Father of the doubling cube?
Posted By: KenB
Date: Tuesday, 28 October 2008, at 10:56 p.m.
I was reading “To double or not to double” by John Longacre in the July 1931, Vanity Fair. He is talking about “modern backgammon” – using a doubling cube and makes the statement:
“It must be admitted that doubling was originated with no such high purpose as the advancement of skill in the game. It was devised solely in order to obtain the maximum “action” in the shortest time – and in this its reputed father, Grand Duke Dmitri, was eminently successful. It is highly probable that he did not realize, at the time, that skilful analysis of relative position had thereby suddenly become essential to successful play, but, since this has undoubtedly been the result, it seems certain that this modern variation will consolidate its position as the Backgammon of the future.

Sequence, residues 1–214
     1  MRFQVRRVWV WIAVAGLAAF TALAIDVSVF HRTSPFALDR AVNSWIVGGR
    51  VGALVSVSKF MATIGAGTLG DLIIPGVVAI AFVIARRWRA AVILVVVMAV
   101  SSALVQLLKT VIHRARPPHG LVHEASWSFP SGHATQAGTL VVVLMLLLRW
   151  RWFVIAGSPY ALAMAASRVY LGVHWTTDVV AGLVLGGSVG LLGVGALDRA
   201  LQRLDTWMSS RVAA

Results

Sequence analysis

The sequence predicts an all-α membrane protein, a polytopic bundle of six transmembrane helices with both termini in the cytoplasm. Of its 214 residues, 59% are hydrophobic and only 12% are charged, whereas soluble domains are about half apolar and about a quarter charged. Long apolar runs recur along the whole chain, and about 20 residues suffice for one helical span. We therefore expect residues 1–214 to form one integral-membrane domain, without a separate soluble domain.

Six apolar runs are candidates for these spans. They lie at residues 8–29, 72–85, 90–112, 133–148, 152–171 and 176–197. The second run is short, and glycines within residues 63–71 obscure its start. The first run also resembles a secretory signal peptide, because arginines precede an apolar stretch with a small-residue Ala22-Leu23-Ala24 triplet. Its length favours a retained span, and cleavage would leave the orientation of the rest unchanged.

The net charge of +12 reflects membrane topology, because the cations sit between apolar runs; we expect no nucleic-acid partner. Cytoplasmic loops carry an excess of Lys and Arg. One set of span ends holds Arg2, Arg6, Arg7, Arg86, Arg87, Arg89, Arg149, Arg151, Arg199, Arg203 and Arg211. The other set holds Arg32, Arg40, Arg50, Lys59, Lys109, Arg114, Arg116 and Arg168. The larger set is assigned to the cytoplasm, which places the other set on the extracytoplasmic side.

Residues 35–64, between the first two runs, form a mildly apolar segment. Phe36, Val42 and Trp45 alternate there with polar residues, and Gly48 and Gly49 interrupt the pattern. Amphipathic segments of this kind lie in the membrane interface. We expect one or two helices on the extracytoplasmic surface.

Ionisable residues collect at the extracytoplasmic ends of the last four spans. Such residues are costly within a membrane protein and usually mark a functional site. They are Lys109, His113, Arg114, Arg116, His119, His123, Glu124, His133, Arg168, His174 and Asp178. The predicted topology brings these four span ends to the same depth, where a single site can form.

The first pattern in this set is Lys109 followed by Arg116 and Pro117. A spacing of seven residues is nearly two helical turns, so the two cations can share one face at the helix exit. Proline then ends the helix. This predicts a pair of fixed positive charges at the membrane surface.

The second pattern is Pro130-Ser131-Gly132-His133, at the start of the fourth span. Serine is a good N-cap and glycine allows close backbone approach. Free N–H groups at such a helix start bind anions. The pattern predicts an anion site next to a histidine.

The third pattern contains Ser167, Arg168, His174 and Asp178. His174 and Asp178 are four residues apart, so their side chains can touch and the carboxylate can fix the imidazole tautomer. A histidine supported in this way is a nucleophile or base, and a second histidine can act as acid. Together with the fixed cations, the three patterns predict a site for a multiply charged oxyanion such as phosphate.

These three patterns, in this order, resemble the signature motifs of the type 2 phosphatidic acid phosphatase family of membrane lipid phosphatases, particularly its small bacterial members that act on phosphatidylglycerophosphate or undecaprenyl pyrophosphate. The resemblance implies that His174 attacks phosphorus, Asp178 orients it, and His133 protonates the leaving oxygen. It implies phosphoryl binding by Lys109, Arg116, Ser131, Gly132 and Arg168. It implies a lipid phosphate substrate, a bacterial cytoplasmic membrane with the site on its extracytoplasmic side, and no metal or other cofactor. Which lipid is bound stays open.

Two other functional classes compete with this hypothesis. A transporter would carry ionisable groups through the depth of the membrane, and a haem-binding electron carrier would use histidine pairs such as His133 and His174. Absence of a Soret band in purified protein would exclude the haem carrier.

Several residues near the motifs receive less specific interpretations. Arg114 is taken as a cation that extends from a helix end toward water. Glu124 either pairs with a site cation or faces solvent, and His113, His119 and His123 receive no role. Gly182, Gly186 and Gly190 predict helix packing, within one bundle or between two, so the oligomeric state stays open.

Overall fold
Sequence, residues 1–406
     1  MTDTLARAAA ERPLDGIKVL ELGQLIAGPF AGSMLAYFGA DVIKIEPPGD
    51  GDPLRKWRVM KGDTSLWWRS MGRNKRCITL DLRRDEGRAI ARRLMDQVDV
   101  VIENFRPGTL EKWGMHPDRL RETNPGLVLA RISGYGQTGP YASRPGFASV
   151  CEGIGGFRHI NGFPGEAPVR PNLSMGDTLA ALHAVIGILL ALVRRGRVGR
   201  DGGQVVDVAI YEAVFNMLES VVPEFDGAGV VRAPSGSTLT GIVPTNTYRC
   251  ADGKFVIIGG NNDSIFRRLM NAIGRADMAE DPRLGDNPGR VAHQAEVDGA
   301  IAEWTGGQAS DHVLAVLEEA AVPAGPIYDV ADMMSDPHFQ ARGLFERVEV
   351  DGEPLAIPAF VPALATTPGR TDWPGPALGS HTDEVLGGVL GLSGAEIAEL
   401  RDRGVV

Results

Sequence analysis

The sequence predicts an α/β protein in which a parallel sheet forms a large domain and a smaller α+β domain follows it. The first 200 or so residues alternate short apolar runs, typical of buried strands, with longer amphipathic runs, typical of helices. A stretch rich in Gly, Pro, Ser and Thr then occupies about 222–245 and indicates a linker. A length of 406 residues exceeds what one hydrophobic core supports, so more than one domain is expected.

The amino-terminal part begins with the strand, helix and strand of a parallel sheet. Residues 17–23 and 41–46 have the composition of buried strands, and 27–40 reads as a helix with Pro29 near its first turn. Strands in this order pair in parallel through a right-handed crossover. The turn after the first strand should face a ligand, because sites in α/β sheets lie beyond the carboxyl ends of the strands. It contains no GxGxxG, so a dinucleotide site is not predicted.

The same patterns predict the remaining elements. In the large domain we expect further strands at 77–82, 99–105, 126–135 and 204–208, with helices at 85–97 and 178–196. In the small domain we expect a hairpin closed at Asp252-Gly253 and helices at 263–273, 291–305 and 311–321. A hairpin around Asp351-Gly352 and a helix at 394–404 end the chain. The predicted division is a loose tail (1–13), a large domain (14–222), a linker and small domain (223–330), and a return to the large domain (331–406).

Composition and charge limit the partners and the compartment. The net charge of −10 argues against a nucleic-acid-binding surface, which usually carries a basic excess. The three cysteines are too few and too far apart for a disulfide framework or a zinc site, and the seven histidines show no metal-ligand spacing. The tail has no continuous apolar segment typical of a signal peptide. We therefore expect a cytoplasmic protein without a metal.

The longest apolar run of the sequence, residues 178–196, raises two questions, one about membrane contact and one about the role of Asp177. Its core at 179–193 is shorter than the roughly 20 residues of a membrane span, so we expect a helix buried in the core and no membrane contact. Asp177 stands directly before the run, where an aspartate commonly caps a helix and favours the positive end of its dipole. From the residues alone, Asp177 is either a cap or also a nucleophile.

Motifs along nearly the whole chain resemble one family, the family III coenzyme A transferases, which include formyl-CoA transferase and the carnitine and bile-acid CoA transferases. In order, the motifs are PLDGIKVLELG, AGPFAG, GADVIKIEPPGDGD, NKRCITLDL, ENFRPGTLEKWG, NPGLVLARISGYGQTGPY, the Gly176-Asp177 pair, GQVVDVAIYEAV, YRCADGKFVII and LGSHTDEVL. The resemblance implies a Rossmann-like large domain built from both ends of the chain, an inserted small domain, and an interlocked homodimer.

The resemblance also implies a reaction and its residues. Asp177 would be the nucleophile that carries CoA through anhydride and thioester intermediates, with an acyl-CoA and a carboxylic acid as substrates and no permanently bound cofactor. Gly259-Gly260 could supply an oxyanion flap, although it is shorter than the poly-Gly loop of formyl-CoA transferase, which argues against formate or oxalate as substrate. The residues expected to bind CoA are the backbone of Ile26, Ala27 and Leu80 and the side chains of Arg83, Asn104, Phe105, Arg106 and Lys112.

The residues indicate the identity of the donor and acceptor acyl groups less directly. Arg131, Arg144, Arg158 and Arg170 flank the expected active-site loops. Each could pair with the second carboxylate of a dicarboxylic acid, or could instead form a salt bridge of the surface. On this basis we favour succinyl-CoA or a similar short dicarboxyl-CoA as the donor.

I assume that he is talking about Grand Duke Dmitri Pavlovich of Russia, famed for being involved in the murder of Rasputin? The time line fits but I have never seen any other references to this. Does anyone else have any information on this?
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